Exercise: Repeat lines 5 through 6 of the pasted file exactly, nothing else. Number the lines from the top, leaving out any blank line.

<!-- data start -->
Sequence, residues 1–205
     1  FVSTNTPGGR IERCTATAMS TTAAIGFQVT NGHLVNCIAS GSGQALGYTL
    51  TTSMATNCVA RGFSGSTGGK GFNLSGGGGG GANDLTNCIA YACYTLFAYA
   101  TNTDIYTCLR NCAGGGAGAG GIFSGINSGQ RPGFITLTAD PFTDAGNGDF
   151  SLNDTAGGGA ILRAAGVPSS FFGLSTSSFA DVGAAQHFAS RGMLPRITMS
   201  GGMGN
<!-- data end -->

   151  SLNDTAGGGA ILRAAGVPSS FFGLSTSSFA DVGAAQHFAS RGMLPRITMS
   201  GGMGN